The bottom line: your flood insurance premium is going up again — and under a policy change the Federal Emergency Management Agency is considering, it could skyrocket even more in coming years.
Read more » click here

Update –
National Flood Insurance Program: Reauthorization
Congress must periodically renew the NFIP’s statutory authority to operate. On July 31, 2018, the President signed legislation passed by Congress that extends the National Flood Insurance Program’s (NFIP’s) authorization to November 30, 2018. Congress must now reauthorize the NFIP by no later than 11:59 pm on November 30, 2018.

FEMA and Congress have never failed to honor the flood insurance contracts in place with NFIP policyholders. Should the NFIP’s authorization lapse, FEMA would still have authority to ensure the payment of valid claims with available funds. However, FEMA would stop selling and renewing policies for millions of properties in communities across the nation. Nationwide, the National Association of Realtors estimates that a lapse might impact approximately 40,000 home sale closings per month.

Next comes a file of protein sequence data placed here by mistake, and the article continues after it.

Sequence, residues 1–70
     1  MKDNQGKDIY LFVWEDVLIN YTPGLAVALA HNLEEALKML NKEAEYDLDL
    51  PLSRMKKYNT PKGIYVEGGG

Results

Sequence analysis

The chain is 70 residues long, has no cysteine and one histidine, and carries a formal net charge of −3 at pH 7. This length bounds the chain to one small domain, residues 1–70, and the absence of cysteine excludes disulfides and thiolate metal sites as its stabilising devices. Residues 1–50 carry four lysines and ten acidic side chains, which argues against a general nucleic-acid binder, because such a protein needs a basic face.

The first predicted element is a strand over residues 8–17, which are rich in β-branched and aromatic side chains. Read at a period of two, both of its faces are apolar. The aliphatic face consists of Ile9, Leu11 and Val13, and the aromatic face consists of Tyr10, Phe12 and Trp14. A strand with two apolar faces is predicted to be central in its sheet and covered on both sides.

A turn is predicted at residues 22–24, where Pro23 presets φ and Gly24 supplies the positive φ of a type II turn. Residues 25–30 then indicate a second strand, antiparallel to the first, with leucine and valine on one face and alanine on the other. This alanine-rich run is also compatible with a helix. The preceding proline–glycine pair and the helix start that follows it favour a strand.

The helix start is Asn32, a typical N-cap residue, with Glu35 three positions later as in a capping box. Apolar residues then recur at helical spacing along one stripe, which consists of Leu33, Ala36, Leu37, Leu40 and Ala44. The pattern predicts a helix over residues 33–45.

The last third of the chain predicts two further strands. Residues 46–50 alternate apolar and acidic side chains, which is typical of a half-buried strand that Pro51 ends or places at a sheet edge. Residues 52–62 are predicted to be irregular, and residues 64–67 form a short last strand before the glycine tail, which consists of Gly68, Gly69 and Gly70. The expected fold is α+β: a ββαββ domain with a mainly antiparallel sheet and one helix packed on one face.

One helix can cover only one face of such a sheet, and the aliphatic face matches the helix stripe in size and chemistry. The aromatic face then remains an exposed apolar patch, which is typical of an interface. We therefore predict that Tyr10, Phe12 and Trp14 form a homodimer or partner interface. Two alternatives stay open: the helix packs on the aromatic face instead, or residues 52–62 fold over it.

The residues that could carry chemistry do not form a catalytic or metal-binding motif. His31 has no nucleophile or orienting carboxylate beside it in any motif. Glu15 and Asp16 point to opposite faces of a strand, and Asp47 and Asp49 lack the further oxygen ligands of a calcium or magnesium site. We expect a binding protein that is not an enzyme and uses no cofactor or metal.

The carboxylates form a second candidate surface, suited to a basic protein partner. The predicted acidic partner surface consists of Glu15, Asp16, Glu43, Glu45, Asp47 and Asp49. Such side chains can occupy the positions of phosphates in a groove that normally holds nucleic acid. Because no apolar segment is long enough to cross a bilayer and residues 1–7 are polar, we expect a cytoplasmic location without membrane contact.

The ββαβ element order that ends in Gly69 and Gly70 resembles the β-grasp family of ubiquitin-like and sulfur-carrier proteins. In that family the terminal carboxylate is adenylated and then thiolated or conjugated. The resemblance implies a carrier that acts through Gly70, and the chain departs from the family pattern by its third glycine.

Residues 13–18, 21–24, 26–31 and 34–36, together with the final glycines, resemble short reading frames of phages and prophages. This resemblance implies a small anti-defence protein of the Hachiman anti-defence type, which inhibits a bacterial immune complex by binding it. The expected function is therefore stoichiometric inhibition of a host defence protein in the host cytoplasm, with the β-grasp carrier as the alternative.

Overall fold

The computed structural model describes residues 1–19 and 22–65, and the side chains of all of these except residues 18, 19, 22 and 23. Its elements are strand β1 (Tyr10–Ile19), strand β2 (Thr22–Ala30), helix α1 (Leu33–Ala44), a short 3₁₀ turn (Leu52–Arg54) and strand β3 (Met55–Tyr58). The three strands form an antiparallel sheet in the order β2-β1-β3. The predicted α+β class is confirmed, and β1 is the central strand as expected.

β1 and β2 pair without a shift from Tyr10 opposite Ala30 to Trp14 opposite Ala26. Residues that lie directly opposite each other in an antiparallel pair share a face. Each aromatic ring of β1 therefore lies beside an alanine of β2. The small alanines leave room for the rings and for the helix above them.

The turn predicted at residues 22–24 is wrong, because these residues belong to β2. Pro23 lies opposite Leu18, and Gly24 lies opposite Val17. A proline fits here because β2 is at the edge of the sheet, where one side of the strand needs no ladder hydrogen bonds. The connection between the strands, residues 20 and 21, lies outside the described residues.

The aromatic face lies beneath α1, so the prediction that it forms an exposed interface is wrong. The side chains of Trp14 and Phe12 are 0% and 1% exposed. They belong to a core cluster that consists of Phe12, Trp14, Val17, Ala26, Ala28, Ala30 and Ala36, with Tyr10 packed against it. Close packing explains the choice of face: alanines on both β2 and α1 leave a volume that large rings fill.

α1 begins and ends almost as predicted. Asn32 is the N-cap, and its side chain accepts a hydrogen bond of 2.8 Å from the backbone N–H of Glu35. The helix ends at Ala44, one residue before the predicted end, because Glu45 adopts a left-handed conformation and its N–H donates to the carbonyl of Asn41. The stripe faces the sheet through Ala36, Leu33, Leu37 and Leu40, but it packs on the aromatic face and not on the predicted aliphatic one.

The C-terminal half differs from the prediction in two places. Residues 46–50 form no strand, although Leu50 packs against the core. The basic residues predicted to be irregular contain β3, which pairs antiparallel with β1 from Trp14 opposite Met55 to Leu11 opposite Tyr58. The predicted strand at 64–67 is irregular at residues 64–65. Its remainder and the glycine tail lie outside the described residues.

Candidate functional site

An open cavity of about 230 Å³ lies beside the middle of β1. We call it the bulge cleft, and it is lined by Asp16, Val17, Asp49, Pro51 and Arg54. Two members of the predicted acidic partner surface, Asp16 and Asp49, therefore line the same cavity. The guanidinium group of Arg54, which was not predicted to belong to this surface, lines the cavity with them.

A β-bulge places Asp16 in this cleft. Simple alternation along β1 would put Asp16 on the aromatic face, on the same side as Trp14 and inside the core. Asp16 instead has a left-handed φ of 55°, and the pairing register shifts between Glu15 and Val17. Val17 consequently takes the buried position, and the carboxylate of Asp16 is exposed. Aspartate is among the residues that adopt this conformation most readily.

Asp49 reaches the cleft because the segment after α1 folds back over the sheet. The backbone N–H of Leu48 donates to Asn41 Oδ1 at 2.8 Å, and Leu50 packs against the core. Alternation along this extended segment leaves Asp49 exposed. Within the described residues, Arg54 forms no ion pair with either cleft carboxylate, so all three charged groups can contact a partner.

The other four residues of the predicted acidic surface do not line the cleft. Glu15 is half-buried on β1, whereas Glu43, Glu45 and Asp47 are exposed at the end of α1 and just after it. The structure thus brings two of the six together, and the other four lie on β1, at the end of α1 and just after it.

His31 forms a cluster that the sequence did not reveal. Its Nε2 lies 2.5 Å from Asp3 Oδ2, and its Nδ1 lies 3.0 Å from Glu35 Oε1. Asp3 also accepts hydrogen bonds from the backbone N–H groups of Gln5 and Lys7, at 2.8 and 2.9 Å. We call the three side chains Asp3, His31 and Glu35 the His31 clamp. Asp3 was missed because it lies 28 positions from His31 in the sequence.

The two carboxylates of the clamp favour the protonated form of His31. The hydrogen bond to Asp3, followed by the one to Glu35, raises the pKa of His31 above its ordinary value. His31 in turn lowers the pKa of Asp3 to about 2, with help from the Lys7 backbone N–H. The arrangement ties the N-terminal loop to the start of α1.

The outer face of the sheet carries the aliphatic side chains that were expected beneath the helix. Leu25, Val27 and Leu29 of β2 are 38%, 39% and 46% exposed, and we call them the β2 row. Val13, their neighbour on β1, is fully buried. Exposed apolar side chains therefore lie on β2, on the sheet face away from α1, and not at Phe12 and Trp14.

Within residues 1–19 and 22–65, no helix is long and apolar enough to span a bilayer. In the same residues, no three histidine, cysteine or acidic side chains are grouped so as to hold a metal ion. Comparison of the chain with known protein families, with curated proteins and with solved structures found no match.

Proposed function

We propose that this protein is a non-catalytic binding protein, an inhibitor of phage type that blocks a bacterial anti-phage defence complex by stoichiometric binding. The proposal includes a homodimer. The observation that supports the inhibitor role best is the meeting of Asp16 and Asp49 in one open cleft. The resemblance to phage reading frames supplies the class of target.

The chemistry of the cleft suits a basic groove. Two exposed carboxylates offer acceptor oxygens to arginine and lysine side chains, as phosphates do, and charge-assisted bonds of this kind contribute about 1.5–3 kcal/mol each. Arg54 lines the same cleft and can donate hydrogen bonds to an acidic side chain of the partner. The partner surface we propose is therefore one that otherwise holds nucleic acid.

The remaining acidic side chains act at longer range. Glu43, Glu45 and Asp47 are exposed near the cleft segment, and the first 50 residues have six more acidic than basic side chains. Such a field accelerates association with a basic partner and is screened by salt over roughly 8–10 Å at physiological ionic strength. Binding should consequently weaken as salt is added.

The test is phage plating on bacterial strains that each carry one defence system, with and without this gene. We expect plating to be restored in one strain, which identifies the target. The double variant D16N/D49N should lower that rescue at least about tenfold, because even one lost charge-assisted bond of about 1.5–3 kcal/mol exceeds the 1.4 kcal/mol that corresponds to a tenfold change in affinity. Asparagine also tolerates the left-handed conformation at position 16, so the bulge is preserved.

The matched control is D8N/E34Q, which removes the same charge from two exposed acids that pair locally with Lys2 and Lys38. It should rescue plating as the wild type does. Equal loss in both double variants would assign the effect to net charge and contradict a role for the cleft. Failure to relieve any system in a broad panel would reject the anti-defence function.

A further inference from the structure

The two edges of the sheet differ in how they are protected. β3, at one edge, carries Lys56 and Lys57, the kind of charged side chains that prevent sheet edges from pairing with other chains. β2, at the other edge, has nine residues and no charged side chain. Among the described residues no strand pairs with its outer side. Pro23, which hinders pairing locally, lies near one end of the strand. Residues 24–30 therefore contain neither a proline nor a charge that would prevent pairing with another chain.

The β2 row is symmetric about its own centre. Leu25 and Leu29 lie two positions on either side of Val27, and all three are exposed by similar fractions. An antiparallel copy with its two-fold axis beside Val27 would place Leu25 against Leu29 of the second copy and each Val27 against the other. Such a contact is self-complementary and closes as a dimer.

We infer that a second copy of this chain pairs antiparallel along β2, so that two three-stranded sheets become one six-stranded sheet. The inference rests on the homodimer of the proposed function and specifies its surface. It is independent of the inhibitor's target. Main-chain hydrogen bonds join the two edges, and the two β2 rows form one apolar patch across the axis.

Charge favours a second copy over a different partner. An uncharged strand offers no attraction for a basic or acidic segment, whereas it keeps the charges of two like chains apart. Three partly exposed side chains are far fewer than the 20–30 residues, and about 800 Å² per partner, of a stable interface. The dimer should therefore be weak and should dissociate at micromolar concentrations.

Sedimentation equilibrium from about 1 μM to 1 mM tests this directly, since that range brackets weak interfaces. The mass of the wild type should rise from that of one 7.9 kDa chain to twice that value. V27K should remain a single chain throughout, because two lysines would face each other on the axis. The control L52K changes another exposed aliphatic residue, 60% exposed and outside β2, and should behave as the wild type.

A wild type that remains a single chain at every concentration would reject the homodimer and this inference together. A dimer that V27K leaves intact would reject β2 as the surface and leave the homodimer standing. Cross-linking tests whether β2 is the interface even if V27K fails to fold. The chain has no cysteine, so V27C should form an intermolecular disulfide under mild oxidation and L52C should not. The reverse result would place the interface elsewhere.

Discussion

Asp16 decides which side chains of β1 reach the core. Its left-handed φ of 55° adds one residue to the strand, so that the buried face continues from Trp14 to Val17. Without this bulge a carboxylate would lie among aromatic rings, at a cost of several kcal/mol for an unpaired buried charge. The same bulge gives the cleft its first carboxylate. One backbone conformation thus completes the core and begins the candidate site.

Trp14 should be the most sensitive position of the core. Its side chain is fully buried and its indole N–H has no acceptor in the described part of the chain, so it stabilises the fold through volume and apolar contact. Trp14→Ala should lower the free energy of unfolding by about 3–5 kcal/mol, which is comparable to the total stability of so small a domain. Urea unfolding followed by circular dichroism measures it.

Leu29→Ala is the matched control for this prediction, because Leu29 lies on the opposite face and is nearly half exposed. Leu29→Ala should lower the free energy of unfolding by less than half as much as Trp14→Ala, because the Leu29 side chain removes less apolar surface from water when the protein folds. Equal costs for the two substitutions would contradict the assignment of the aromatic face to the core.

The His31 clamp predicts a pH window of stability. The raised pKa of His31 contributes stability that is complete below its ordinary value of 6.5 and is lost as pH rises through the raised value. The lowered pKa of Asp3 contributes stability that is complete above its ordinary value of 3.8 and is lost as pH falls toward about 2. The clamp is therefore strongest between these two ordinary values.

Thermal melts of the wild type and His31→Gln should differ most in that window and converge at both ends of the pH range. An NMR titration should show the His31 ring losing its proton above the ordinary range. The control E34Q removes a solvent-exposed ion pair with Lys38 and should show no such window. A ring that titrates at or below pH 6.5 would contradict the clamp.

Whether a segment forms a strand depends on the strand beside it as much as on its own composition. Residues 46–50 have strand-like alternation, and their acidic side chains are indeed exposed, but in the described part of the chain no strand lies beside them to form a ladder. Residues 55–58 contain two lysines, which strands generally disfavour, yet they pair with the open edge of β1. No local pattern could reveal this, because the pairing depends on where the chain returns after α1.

NFIP reauthorization is an opportunity for Congress to take bold steps to reduce the complexity of the program and strengthen the NFIP’s financial framework so that the program can continue helping individuals and communities take the critical step of securing flood insurance. The level of damage from the 2017 hurricanes makes it abundantly clear that FEMA needs a holistic plan to ready the Nation for managing the cost of catastrophic flooding under the NFIP.
Read more » click here

Congress passes flood insurance extension, again punting on reforms